Queen Elizabeth II and Prince Charles
Queen Elizabeth II said she was “deeply saddened” by the death of Mandela, adding that he had “worked tirelessly for the good of his country”.
“The Queen was deeply saddened to learn of the death of Nelson Mandela last night. He worked tirelessly for the good of his country, and his legacy is the peaceful South Africa we see today,” Buckingham Palace said in a statement.
Mr Mandela was the embodiment of courage and reconciliation.
“Her Majesty remembers with great warmth her meetings with Mr Mandela and sends her sincere condolences to his family and the people of South Africa at this very sad time.”
Prince Charles also paid tribute to the iconic anti-apartheid fighter, describing him as an “inspired leader and a great man”.
“Mr Mandela was the embodiment of courage and reconciliation. He was also a man of great humour and had a real zest for life,” he said.
“With his passing, there will be an immense void not only in his family’s lives, but also in those of all South Africans and the many others whose lives have been changed through his fight for peace, justice and freedom.
“The world has lost an inspired leader and a great man. My family and I are profoundly saddened and our thoughts and prayers are with his family.”
South Africa’s ruling party, the African National Congress, said that in its one-time leader South Africa had lost “a colossus, an epitome of humility, equality, justice, peace and hope of millions”.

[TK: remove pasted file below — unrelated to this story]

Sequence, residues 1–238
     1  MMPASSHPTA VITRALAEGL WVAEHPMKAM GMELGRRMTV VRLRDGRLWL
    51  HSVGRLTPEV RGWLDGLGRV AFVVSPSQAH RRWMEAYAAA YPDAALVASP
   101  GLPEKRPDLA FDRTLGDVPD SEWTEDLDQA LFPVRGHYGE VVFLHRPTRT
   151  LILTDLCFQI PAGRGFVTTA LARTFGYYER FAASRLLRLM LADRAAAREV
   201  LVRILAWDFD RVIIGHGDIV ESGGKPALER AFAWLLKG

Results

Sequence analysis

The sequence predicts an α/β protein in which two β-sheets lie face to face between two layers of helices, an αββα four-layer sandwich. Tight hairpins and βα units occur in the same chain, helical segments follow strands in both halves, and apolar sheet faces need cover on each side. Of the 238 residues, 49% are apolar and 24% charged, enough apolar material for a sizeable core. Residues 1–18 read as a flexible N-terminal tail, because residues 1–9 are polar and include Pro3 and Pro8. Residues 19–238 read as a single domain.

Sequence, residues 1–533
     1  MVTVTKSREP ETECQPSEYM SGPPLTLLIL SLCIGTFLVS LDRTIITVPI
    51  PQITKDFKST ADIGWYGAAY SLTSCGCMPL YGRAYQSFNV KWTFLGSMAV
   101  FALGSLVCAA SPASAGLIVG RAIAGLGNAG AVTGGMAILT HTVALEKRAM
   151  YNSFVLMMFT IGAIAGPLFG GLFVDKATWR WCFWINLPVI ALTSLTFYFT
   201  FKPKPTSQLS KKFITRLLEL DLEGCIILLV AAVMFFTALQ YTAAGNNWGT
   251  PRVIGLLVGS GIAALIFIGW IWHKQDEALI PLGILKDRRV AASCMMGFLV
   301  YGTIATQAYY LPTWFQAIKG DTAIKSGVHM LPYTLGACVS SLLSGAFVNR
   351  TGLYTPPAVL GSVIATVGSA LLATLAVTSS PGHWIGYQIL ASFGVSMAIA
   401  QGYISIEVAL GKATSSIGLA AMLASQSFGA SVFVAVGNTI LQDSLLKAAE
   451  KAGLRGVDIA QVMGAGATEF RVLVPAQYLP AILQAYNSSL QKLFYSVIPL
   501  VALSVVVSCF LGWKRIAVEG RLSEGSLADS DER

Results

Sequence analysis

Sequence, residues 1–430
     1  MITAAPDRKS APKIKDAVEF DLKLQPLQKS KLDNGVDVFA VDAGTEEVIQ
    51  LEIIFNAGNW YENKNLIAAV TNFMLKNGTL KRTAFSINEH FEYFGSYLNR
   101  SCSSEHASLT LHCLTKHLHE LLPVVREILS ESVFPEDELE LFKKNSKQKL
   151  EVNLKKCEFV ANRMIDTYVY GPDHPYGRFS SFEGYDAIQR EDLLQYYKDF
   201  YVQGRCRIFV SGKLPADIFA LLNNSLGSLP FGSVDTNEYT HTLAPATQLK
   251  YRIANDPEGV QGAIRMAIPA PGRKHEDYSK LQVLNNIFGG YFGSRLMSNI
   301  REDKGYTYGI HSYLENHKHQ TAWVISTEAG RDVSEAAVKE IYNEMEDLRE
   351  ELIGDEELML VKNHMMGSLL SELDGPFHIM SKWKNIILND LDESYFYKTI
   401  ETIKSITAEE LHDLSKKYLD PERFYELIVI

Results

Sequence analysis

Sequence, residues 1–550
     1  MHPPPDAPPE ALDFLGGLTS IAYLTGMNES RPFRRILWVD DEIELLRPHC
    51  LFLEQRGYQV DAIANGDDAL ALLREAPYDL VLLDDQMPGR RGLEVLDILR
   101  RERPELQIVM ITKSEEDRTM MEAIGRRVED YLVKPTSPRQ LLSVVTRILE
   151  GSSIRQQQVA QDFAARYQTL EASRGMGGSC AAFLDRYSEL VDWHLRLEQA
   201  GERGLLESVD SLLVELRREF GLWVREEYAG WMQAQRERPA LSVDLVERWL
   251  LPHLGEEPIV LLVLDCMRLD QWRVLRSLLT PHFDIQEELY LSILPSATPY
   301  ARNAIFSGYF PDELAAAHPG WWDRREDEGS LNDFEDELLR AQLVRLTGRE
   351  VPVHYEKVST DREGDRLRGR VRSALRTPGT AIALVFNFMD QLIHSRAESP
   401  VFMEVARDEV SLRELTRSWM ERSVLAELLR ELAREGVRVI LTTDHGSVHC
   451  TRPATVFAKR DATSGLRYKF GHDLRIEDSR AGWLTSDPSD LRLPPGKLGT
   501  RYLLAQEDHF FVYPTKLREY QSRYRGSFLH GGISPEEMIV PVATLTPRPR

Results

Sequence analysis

“His life gives us the courage to push forward for development and progress towards ending hunger and poverty,” the party said in a statement.
F.W. de Klerk
South Africa’s last white president, F.W. de Klerk, said Mandela’s greatest accomplishment was to unify the country and push for reconciliation between blacks and whites in the post-apartheid era.
“He was a great unifier and a very, very special man in this regard beyond everything else he did. This emphasis on reconciliation was his biggest legacy,” Mr de Klerk said in an interview with CNN.
Mr De Klerk, who released Mandela from prison in 1990 and then negotiated the end of apartheid, called Mandela a “humane” and “compassionate” man who was able to understand the fears of South Africa’s white minority in the transition to democracy.
Mandela and Mr de Klerk shared the 1993 Nobel Peace Prize for ending minority white rule and laying the foundations of democracy, with Mr De Klerk going on to serve as one of two deputy presidents in Mandela’s government after the ANC won the 1994 elections.
South Africa’s archbishop emeritus Desmond Tutu lauded his compatriot and fellow Nobel peace laureate as the man who taught a deeply divided nation how to come together.
“Over the past 24 years Madiba taught us how to come together and to believe in ourselves and each other. He was a unifier from the moment he walked out of prison,” Archbishop Tutu said.